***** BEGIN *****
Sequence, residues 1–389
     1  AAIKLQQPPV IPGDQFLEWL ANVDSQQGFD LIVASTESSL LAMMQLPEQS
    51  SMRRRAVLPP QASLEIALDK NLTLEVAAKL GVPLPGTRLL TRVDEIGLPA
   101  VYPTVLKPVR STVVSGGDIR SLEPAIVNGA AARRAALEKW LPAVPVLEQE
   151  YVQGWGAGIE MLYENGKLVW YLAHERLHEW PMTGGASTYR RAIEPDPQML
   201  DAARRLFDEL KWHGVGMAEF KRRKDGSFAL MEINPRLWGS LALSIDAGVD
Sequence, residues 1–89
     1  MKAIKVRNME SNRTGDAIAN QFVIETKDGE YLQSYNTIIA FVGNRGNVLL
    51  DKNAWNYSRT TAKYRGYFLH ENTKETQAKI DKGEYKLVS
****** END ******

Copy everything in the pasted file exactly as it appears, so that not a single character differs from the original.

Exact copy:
Sequence, residues 1–389
     1  AAIKLQQPPV IPGDQFLEWL ANVDSQQGFD LIVASTESSL LAMMQLPEQS
    51  SMRRRAVLPP QASLEIALDK NLTLEVAAKL GVPLPGTRLL TRVDEIGLPA
   101  VYPTVLKPVR STVVSGGDIR SLEPAIVNGA AARRAALEKW LPAVPVLEQE
   151  YVQGWGAGIE MLYENGKLVW YLAHERLHEW PMTGGASTYR RAIEPDPQML
   201  DAARRLFDEL KWHGVGMAEF KRRKDGSFAL MEINPRLWGS LALSIDAGVD
Sequence, residues 1–89
     1  MKAIKVRNME SNRTGDAIAN QFVIETKDGE YLQSYNTIIA FVGNRGNVLL
    51  DKNAWNYSRT TAKYRGYFLH ENTKETQAKI DKGEYKLVS